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Heterogeneous heat production in the Earth's upper mantle: blob melting and MORB composition


Vlastélic,  I.
Geochemistry, Max Planck Institute for Chemistry, Max Planck Society;

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Vlastélic, I., Bougault, H., & Dosso, L. (2002). Heterogeneous heat production in the Earth's upper mantle: blob melting and MORB composition. Earth and Planetary Science Letters, 199(1-2), 157-172.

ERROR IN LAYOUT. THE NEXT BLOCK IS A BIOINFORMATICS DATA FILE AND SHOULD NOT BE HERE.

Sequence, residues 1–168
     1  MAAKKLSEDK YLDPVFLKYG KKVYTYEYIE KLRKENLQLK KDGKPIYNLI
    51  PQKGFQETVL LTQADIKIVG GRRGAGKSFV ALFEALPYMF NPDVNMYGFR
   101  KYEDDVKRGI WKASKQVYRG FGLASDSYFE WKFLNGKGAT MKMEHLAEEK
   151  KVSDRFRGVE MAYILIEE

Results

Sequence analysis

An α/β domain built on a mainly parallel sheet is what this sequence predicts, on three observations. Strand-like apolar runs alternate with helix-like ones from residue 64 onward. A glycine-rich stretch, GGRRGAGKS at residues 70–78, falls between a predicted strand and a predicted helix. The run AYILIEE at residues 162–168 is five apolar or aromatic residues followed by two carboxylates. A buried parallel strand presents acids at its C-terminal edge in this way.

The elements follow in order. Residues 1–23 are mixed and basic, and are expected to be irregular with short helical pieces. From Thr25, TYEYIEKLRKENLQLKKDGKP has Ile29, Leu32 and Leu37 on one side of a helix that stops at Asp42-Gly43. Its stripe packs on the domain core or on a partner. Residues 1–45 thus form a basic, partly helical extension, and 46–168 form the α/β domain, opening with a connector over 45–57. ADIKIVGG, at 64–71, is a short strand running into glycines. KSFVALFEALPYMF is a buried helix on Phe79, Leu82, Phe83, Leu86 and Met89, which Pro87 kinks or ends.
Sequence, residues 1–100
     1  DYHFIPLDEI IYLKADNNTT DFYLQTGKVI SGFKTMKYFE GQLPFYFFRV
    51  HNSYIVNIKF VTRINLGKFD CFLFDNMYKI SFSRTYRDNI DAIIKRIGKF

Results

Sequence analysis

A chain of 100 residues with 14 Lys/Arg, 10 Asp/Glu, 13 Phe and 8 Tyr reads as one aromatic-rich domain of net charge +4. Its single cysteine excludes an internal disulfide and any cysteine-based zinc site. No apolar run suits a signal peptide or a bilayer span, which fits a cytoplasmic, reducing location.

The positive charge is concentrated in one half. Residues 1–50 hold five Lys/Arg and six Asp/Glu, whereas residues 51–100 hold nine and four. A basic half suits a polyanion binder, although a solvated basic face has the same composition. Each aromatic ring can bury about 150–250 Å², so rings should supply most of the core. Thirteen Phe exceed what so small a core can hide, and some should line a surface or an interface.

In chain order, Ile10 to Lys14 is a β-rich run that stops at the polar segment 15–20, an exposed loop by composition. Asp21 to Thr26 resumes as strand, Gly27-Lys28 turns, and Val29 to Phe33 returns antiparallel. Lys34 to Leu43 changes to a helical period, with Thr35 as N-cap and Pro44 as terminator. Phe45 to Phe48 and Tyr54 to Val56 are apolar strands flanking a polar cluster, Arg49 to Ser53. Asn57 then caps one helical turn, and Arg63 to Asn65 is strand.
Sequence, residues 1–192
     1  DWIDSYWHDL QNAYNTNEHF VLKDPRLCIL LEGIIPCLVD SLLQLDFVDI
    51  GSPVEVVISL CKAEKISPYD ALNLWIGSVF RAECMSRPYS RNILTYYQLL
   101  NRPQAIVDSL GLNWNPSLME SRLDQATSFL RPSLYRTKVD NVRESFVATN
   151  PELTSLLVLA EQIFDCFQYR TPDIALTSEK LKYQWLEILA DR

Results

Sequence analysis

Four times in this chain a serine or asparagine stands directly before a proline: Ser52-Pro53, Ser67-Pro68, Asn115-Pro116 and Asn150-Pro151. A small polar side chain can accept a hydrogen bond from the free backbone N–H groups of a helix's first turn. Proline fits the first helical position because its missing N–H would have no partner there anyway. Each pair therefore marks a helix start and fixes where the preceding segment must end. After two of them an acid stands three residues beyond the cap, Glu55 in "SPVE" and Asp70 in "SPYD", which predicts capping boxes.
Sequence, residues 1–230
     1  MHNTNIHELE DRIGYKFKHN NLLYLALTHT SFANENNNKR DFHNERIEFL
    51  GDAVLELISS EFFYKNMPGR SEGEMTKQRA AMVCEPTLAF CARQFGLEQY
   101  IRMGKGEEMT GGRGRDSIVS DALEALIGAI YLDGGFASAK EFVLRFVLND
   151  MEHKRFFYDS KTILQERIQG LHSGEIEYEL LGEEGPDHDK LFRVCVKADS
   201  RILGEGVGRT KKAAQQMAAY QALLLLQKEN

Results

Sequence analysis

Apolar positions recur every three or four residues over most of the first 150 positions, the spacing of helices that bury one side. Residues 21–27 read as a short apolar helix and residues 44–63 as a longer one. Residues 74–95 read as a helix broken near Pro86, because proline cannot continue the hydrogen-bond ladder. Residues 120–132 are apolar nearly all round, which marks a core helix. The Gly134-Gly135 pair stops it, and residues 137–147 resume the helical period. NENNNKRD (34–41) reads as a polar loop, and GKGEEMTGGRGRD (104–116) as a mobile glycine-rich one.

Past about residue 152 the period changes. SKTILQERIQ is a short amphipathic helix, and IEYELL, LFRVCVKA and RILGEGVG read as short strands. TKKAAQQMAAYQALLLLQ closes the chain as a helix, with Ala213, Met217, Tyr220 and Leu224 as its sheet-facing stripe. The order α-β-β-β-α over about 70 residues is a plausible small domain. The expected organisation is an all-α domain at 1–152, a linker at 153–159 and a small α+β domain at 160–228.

The existence of heat-producing elements (U, Th, K) and their highly heterogeneous distribution in the Earth's mantle suggests a link between thermal and chemical properties of the mantle. Previous studies have shown that this chemical-thermal relationship has a strong influence on the mantle convection pattern and structure. Here, we investigate the influence of this relationship on mantle melting and chemical variations in mid-ocean ridge basalts (MORB). We use a model of convection in which mantle heterogeneities are considered as enriched blobs (enrichment factor of similar to1.8 relative to the bulk silicate Earth) within a convecting depleted medium. Our results explain the first-order chemical variations in MORB in terms of coupled compositional-thermal variations in the underlying mantle source. A consequence is that enriched MORB are formed by larger partial melting extent than depleted MORB. We show that: (1) excess temperatures of up to 100degreesC are produced in the centers of large (300 km radius) and enriched blobs, and these lead to a 10% increase in the degree of melting. Such large blobs could produce long-wavelength chemical anomalies in MORB whose amplitude, however, is attenuated by extensive melting. Small blobs (radius <100 km), in which only minor temperature excesses (DeltaT<10degreesC) develop, may be the cause of high-amplitude chemical spikes along spreading ridges. (2) The maximum temperature gradient within blobs is lower than the solidus slope, which causes the blob to melt progressively from top to bottom. (3) Source enrichment and the degree of melting are positively correlated but the two parameters have competing effects on MORB composition. Normally the source effect is more important than the melting effect. (4) Melting of homogeneous blobs results in a U-shaped chemical anomaly in MORB, the less enriched liquids corresponding to the maximum thermal anomaly. Blobs containing a chemical gradient, with the more depleted composition towards the periphery. may result from entrainment of surrounding depleted mantle, Such blobs, which are thermally more stable, could produce the hump-shaped chemical anomalies commonly observed along mid-ocean ridges. (C) 2002 Elsevier Science B.V. All rights reserved.